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Disease: Lice Lice
Category: Dermatological diseases

Disease Definition:

The tiny, wingless, parasitic insects that feed on blood are called lice. Through close personal contact and by sharing belongings, lice are easily spread, particularly among schoolchildren.


There are several types of lice, such as:

Head lice:

These lice develop on the scalp. At the nape of the neck and over the ears are the places where they're seen easily.

Pubic lice:

These lice appear on eyelashes, and on the skin and hair of the pubic area. They are called crabs.

Body lice:

These lice are found in the seams and folds of clothing.


A person could get lice even if he/she practices good personal hygiene. This condition could become a recurring problem if it's not treated properly.

Work Group:

Symptoms, Causes


Some of the signs and symptoms of lice may include:


  • Small, red bumps on the scalp, neck and shoulders
  • Intense itching
  • Lice on the scalp, the body, clothing, or pubic or other body hair. The size of lice could be 2 to 4 millimeters (0.08 to 0.16 inches).
  • The presence of lice eggs (nits) on hair shafts. Nits look like tiny pussy willow buds. Even though nits could be mistaken for dandruff, however, they can't be easily brushed out of hair like dandruff.


People can get lice by coming into contact with either lice or their eggs. The eggs hatch in about one week, and lice can't walk on the ground or fly. Some of the ways in which lice could spread include:

Head-to-head or body-to-body contact:

When children or family members play or interact closely, this could occur.

Sharing items:

Shared items such as brushes, combs, pillows, blankets, towels, clothing, headphones, stuffed toys and hair decorations could spread lice.

Close proximity of stored belongings:

Lice could spread due to storing personal items such as pillows, blankets, combs and stuffed toys in close proximity at home, or due to storing infected clothing in closets, lockers or on side-by-side hooks at school.

Sexual contact:

All three forms of lice could spread by sexual contact.

Contact with contaminated furniture:

Head lice could live off the body for up to two days. Lice could also be spread by lying on a bed, sitting in furniture or using a toilet seat that has been lately used by someone infected with lice.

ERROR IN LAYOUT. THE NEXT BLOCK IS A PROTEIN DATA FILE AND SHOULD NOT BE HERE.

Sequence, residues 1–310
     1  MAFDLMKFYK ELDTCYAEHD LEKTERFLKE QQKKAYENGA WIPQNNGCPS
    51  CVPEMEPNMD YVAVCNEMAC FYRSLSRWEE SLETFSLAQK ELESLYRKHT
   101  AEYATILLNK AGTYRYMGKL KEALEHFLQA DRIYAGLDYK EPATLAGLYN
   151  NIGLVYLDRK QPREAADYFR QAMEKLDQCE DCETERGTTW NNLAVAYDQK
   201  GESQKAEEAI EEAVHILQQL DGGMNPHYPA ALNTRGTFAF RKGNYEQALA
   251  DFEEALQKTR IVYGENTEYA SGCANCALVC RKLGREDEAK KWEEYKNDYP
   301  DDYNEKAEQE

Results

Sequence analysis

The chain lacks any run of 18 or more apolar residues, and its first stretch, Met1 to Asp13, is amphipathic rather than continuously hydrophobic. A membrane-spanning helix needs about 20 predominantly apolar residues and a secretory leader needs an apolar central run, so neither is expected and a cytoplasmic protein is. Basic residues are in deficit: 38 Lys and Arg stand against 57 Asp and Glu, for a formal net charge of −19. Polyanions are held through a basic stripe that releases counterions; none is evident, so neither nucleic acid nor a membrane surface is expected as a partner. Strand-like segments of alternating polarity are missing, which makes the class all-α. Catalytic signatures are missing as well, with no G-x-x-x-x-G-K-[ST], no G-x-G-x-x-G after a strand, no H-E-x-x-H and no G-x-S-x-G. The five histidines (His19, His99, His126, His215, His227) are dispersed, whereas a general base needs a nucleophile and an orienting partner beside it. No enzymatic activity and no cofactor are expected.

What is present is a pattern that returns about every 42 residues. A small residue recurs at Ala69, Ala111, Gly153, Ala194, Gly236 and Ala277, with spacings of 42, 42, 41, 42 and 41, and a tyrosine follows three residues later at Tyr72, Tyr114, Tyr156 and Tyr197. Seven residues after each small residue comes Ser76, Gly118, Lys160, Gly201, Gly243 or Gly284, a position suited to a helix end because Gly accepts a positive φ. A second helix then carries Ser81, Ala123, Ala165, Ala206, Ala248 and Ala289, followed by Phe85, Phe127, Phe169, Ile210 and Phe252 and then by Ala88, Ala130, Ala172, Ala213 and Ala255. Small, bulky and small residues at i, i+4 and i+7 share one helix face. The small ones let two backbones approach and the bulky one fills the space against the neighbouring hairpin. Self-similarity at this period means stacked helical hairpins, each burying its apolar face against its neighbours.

Usually, the first line of defense against head lice is over-the-counter lotions or shampoos. Someone may also be prescribed a stronger shampoo or lotion in case nonprescription products don't kill the lice.


In case a woman is pregnant or breast-feeding, she should consult her doctor before using this product. Malation has been re-approved as a prescription drug for treating head lice. However, it is flammable, so it should be keep away from heat sources such as cigarettes, hair dryers and electric curlers.


This is another prescription treatment for lice. Skin irritation, seizures and in some rare cases, death are some of its side effects. Someone’s risk of side effects will increase in case they use lindane in higher than recommended amounts, or for longer than recommended. The doctor may not prescribe lindane in case the person weighs less than 110 pounds, is a woman who's breast-feeding, or has used lindane in the past few months.


Applying too much of these medications could cause red, irritated skin, so they should be used only as directed. 



Treatment will involve self-care steps that a person can take at home despite the fact if they’re using over-the-counter or prescription shampoo to kill lice or not. This will include making sure that all clothing, bedding, personal items and furniture are decontaminated, and that all the nits are removed. Killing lice on the body is usually not difficult. Getting rid of all the nits and avoiding contact with other lice at home or school is the real challenge.



In case someone has body lice, they should take the same self-care measures mentioned above, such as treating clothing and other items. Other than this, treatment isn’t needed. 



The same over-the-counter and prescription treatments that are used for head lice could also treat pubic lice.


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Consultants Corner

Yaser Habrawi , F.R.C.S.Ed

Yaser Habrawi , F.R.C.S.Ed Consultant Ophthalmologist

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